The complex eye of a moth may be the key to cheaper, more efficient solar panels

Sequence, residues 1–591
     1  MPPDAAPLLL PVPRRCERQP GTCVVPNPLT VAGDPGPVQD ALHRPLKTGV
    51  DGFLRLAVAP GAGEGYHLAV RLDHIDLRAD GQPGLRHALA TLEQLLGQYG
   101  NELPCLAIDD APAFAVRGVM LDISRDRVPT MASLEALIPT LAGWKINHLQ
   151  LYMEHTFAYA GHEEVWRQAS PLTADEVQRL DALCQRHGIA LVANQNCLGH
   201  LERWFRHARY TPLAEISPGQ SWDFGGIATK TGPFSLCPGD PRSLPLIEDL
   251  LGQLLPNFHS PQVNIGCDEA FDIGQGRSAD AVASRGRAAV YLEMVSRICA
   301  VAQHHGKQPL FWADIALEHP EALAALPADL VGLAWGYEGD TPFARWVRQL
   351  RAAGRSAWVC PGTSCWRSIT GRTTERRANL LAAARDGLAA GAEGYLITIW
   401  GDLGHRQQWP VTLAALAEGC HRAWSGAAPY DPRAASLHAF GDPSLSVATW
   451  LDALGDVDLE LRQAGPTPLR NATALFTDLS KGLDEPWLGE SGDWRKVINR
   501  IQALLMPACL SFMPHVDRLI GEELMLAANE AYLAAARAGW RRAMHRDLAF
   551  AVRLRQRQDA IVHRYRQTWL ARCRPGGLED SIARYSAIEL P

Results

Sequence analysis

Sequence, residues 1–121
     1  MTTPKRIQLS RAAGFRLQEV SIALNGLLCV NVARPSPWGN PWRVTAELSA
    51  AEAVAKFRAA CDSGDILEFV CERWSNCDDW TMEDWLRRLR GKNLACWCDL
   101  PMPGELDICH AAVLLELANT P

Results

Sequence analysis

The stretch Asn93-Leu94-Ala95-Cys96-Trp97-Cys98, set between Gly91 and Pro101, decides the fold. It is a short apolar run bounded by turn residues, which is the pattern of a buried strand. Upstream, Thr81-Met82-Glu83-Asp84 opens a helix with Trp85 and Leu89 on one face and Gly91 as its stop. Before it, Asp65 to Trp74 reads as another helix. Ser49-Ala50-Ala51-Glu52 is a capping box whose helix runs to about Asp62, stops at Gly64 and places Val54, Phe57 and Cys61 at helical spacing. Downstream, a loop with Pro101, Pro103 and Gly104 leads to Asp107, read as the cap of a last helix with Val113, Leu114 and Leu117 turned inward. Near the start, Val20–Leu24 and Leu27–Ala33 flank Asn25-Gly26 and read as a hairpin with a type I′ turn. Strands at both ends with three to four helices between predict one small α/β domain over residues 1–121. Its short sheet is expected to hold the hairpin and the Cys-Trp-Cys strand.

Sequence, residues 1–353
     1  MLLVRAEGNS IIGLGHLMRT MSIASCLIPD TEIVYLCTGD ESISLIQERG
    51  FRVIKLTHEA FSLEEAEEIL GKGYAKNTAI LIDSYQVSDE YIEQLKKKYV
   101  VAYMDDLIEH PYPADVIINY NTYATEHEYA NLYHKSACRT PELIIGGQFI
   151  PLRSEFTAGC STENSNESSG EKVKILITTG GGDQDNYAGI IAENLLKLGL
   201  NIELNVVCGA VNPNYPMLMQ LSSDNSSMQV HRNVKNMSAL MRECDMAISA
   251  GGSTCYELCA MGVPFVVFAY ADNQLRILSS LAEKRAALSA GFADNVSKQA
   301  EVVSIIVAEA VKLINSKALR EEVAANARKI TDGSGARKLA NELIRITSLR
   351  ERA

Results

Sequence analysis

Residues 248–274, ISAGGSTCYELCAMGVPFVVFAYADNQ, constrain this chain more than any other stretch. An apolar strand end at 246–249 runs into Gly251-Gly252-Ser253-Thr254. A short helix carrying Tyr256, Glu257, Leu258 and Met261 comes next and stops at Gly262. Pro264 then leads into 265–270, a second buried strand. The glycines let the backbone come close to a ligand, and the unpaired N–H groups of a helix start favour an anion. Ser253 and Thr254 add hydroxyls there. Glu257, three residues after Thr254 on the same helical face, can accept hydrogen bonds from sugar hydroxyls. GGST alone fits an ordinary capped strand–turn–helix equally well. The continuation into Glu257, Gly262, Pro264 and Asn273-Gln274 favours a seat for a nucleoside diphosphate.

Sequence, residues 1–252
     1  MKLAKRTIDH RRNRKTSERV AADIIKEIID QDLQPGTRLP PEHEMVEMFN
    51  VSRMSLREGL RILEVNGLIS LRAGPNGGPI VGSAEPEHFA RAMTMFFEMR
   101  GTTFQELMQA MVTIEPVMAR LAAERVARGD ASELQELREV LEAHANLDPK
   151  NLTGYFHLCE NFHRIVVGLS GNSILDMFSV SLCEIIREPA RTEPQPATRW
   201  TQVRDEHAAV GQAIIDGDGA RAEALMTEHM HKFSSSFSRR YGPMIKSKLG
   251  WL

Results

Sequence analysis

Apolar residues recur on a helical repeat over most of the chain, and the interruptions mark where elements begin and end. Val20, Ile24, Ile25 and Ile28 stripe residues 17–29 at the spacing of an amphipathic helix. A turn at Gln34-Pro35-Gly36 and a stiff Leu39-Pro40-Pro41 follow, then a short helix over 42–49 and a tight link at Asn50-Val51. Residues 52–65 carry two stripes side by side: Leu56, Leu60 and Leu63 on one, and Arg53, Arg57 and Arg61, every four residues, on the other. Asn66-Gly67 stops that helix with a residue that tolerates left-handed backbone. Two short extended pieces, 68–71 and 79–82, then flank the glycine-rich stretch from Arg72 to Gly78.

One of the problems plaguing solar cells is their inability to absorb all of the light they receive. Currently, the bluish anti-reflective coating you see on most cells is 60 or 65 percent efficient, meaning nearly a third of the light is bounced back into the sky. That's because the coating is only able to absorb a narrow range of wavelengths from the sun's rays. Now, however, researchers at the University of Florida and Portland State University think they may have found a better way and their inspiration comes from an unlikely source: moth eyes.